September 25, 2020 by chrysalis

Recovery Reflections

Did you know?

  • 25-75% of people who have survived abusive or violent traumatic experiences report problematic alcohol use
  • One-tenth to one-third of people who survive accident-, illness-, or disaster related trauma report problematic alcohol use, especially if troubled by persistent health problems or pain
  • Up to 80% of Vietnam veterans seeking PTSD treatment have alcohol use disorders
  • Women exposed to traumatic life events show an increased risk for an alcohol use disorder
  • Men and women reporting sexual abuse have higher rates of alcohol and drug use disorders than other men and women.
  • Compared to adolescents who have not been sexually assaulted, adolescent sexual assault victims are 4.5 times more likely to experience alcohol abuse or dependence, 4 times more likely to experience marijuana abuse or dependence, and 9 times more likely to experience hard drug abuse or dependence.

September is Recovery Month! In honor of this month and the brave souls who’ve forged ahead in their journeys toward recovery, we are featuring anonymous stories from courageous clients who are living life one day at a time in sobriety. Today, a woman who is a survivor of trauma tells her story.

**Trigger Warning: Drug and Alcohol Use**

I woke up hungover, a single 40 year old women who lost her kids, home, job, car, and most friends due to my addiction.  Substance abuse controlled my every move and thought.   If I wasn’t drinking or using I was thinking about how to be drinking and or using.  I was constantly looking for an escape from life.

I tried to kick the habit myself.  I thought since I had never had a DUI or been arrested, I couldn’t be that bad.  I love my kids more I love my own life itself.  I would give anything for my kids- I would die for them, but unfortunately, I couldn’t quit drinking for them.  Addiction was stronger than anything I could imagine.

Thankfully, I had a few good friends, therapist, and family who saw potential in me even when I could not.   They helped me get into a recovery house.  Addiction Treatment is saving my life along with ongoing trauma treatment.  There is no doubt had I not moved into sober living, stopped drinking and using, I wouldn’t be where I am today.  I went in saying I wouldn’t even stay 30 days.  I thought I could just stop drinking and everything would go back to normal.  It wasn’t that easy.  My car was repossessed.  My kids were being neglected so someone else got court ordered temporary custody of them.  I had to deal with the repercussions of two car wrecks I had while drunk.  I had hit my bottom with no place else left to go.  I was a pretty angry and depressed person and never felt this out of control.  I had lost control of everything I thought I had control of.

In reality I never had control, addiction controlled me.  I surrendered the day I went into the recovery house.  I cried nonstop the first few weeks I was there.  The management there was fantastic.  They were by my side the entire time and sometimes even cried with me.  They knew my pain, they had been there before. I was a reminder of where they came from, and that helps someone in the program keep going. Within the first 30 days I took all the suggestions I could.  They said go to IOP, go to 90 meetings in 90 days, find a home group, find a sponsor, build a network.  I was desperate and willing at this point.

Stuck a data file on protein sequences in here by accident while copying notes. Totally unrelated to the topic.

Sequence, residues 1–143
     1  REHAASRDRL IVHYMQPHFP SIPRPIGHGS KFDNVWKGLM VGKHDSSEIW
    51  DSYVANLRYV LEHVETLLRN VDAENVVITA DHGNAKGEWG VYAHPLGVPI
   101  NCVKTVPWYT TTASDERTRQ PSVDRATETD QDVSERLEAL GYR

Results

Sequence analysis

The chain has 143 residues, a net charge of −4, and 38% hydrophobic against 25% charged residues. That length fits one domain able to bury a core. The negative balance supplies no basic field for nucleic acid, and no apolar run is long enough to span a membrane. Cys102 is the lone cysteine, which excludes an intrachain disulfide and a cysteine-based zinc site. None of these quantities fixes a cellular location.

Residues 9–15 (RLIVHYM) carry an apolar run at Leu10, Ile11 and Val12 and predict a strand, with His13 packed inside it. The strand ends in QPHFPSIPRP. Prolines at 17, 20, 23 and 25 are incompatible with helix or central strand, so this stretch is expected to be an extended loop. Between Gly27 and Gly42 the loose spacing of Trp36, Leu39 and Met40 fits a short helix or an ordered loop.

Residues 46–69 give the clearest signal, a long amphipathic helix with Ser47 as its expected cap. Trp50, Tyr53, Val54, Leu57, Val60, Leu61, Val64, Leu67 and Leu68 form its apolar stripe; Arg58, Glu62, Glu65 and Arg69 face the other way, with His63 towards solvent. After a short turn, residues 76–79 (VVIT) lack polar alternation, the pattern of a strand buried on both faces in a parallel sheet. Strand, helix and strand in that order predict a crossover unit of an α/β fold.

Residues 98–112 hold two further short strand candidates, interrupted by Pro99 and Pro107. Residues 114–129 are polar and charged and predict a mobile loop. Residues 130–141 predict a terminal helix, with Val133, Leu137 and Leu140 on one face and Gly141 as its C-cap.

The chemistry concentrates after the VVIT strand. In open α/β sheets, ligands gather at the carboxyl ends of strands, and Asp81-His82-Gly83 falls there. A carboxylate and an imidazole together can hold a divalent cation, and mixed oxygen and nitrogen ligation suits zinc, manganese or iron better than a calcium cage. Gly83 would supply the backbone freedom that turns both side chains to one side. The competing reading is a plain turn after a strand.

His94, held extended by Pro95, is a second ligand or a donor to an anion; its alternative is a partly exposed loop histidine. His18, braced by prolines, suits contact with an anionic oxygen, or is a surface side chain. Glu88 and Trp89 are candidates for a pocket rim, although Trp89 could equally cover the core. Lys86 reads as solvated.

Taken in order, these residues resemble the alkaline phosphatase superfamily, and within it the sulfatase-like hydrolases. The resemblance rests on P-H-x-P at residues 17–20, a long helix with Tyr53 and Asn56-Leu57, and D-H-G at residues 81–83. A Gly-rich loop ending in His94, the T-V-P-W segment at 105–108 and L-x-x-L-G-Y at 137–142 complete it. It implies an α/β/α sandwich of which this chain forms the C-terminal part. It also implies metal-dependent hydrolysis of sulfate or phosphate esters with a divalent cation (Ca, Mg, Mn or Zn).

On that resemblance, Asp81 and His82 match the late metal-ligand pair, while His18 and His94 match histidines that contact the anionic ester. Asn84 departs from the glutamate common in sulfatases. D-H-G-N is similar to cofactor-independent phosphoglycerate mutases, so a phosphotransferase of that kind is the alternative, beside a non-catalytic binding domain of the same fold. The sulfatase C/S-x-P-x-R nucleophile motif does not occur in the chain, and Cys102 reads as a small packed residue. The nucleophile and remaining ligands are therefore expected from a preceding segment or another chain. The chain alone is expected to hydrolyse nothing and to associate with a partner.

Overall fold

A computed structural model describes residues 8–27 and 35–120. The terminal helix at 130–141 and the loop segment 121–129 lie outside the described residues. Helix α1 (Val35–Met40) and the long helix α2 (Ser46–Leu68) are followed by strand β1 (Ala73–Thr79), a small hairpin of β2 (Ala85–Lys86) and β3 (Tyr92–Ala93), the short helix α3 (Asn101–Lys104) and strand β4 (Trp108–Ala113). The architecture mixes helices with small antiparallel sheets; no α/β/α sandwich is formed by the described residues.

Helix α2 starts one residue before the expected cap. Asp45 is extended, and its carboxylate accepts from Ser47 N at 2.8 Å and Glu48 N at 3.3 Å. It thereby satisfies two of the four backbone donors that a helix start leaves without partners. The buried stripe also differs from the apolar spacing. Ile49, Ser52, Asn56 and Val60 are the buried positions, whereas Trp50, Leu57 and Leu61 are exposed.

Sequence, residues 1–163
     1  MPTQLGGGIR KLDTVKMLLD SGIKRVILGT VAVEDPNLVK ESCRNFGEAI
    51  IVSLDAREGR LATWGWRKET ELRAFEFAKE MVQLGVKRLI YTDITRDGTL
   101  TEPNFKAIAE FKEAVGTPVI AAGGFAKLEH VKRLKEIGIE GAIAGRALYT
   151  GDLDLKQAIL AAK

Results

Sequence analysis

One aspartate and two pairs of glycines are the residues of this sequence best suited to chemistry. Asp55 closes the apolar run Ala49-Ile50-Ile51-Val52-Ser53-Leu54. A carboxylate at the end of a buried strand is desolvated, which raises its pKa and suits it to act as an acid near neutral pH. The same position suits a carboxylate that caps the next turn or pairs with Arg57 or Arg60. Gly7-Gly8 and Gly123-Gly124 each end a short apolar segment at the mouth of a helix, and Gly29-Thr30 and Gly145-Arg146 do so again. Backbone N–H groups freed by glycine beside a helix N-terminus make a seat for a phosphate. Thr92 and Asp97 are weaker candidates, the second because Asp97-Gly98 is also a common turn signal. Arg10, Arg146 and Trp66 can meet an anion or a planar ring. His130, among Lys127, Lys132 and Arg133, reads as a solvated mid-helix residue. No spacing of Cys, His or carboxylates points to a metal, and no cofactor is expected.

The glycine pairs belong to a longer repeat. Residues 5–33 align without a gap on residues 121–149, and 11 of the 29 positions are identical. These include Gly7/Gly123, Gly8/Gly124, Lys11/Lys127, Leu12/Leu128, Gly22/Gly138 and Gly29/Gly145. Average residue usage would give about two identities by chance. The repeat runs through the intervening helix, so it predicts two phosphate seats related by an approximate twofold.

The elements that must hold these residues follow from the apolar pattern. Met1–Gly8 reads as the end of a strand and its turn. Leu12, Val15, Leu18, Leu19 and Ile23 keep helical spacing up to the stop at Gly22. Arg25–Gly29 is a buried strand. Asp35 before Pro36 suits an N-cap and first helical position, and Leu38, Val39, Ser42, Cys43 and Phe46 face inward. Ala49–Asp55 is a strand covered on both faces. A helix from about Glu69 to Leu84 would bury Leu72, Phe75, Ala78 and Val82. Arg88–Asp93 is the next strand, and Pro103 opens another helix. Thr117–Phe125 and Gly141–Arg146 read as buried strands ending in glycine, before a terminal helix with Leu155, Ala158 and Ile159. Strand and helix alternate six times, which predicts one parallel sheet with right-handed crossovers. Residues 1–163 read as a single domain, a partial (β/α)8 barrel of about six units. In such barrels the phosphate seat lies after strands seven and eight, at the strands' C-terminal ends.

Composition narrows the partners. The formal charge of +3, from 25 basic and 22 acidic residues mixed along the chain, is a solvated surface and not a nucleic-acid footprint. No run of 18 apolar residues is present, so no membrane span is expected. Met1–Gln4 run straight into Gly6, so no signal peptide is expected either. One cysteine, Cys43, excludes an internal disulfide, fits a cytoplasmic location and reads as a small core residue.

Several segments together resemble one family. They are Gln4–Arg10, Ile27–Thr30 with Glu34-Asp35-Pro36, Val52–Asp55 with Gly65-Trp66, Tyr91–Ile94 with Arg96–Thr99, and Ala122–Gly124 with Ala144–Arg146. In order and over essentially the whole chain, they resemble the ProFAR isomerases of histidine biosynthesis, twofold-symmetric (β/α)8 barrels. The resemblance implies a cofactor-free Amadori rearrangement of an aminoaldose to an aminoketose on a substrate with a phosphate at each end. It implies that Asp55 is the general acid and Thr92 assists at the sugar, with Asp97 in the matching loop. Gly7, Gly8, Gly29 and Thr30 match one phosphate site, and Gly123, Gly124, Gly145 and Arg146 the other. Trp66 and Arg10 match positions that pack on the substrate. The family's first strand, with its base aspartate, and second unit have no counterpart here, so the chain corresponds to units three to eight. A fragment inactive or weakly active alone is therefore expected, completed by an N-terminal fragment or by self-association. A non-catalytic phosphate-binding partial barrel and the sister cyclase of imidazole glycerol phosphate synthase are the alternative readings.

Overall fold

30 days came and went.  I got my 30 day chip.  I started working steps.  I admitted I was powerless over the disease of addiction.   I came to believe that God could and would restore me to sanity.   I had to turn over my will and my life over to God.   I made a moral inventory of myself.  I admitted to God, myself and my sponsor my wrongs.  And then I was ready to have God remove my character defects.

Today, This is where I am.  I’m working my way through the steps and I’m more than half way there.  Today I am 11 months sober. I have a job, bought a car, have my kids on a regular basis, and I’m working through my trauma with a psychologist.  I’m working on my addictions with a sponsor and my network.  Today I’m learning to live life on life terms.  I don’t have to live in constant fear of being caught.  I don’t have to hide anymore.  I’m living one day at a time.

When I was in my first 30 days, had you told me to stay sober for 6 months I would have told you, you were crazy.  You can’t get 6, 9 or 12 months without 1 day, 1 day at time.   Sometimes in the beginning it can be 1 minute or 1 hour at a time.

I don’t claim to know much, but I do know being an addict is one of the hardest and ugliest diseases you can have.  It kills.  It doesn’t discriminate.  It effects nearly every household in some way.  The numbers continue to rise.

Of course, not every day is going to be perfect, I still struggle.  I still think about drinking and using.  I know if I use or drink today, it will not end well.   It’s the first drink that gets you drunk.  Today I am thankful for my sobriety and my recovery.   I am thankful I did what I didn’t want to do.  I am thankful I took all suggestions.  I am thankful for the people in my life who loved me when I wasn’t able to love myself. If it were not for my recovery, I would not be alive today.



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